HOW IT WORKS:
Dr. Richard Dixey who performed some of the first clinical trials on the hoodia plant, explained how the active ingredient actually works:
There is a part of your brain, the hypothalamus. Within that mid-brain there are nerve cells that sense glucose sugar.
When you eat, blood sugar goes up because of the food, these cells start firing and now you are full.
What the hoodia seems to contain is a molecule that is about 10,000 times as active as glucose
It goes to the mid-brain and actually makes those nerve cells fire as if you were full. But you have not eaten, Nor do you want to.
How is Hoodia To Be Used?
The traditional use of Hoodia gordonii for its appetite suppressant effect involved the eating of whole, fresh plants or perhaps dried plants. Flowers, roots, and spiky skin on the plant were not eaten readily by anyone, including the hardy San bushmen. The natural use of Hoodia involved cutting open the skin, and eating or drinking the flesh and sap of the plant. In fact, several TV correspondents have taken the plant in this traditional form. These newscasters, along with others, comment upon its bitterness, and almost immediate effects on appetite suppression. It is clear that Hoodia gordonii cannot be taken in this fresh form by many consumers. Therefore, the Hoodia plant in South Africa has been processed by drying the plant and producing powder or concentrates that can be used in dietary supplements, or perhaps added to food.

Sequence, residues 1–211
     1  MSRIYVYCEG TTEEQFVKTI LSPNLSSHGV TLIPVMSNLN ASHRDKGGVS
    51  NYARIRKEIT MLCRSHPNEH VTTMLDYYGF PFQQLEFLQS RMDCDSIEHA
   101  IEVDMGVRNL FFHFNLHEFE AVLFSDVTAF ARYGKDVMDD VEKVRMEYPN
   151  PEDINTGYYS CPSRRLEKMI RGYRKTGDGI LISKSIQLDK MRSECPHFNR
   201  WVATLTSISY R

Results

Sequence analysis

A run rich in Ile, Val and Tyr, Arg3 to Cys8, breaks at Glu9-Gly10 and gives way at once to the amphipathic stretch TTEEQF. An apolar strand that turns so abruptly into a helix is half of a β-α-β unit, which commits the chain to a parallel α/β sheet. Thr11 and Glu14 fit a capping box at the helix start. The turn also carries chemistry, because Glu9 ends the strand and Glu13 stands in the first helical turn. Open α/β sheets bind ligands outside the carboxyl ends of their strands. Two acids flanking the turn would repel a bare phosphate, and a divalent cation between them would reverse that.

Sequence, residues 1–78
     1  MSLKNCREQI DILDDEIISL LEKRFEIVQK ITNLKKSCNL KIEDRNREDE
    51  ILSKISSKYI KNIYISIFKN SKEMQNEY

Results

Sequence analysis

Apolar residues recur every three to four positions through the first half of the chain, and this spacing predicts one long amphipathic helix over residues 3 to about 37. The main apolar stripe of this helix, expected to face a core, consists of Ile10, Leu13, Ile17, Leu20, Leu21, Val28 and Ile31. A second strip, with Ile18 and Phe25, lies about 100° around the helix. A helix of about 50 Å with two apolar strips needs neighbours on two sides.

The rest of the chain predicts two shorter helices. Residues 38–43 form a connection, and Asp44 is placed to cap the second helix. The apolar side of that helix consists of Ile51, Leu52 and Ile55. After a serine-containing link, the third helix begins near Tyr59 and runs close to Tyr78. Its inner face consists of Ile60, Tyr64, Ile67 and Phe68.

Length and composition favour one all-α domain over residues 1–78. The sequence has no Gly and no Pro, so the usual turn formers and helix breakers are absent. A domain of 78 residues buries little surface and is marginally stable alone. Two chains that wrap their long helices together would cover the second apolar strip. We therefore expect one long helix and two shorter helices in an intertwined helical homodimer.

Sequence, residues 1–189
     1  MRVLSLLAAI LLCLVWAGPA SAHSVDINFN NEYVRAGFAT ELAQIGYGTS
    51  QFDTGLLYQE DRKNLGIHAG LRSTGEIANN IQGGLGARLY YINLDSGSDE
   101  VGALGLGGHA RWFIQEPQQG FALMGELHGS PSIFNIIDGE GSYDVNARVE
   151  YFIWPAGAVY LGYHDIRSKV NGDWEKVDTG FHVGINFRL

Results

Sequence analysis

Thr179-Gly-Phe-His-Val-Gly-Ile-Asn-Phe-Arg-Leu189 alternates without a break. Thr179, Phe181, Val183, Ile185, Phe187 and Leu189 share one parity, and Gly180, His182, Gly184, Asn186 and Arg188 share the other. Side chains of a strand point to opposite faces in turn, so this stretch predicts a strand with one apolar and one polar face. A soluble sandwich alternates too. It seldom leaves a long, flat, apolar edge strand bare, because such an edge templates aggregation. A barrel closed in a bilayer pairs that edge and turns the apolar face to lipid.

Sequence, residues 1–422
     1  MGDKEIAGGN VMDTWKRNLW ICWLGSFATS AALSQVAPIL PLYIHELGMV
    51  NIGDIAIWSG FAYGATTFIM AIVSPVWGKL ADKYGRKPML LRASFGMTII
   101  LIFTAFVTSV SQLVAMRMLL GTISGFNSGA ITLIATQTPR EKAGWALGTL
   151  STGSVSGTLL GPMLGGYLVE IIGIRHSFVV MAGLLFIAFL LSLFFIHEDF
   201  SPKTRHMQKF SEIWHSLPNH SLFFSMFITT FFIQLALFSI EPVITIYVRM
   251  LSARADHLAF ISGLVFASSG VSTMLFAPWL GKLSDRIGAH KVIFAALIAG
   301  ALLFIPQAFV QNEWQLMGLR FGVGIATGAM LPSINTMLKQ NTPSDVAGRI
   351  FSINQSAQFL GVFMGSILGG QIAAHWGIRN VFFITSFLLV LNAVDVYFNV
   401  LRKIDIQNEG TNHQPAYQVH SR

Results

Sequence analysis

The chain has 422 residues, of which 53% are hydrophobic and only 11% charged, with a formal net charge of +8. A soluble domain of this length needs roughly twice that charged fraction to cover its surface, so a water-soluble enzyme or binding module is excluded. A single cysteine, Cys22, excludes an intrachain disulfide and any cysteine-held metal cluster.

The use of Hoodia in a dietary supplement is closer to the traditional use of Hoodia than the isolation of certain extracts of Hoodia (steroidal glycosides). Although recent scientific experiments seem to support that specific fractions or extracts of Hoodia gordonii are responsible for its major effects on appetite, it is not safe to assume that other ingredients within Hoodia do not contribute to its many effects in humans. The precedent for the safety of taking Hoodia rests with the use of the whole plant, not with the use of extracts such as steroidal glycosides.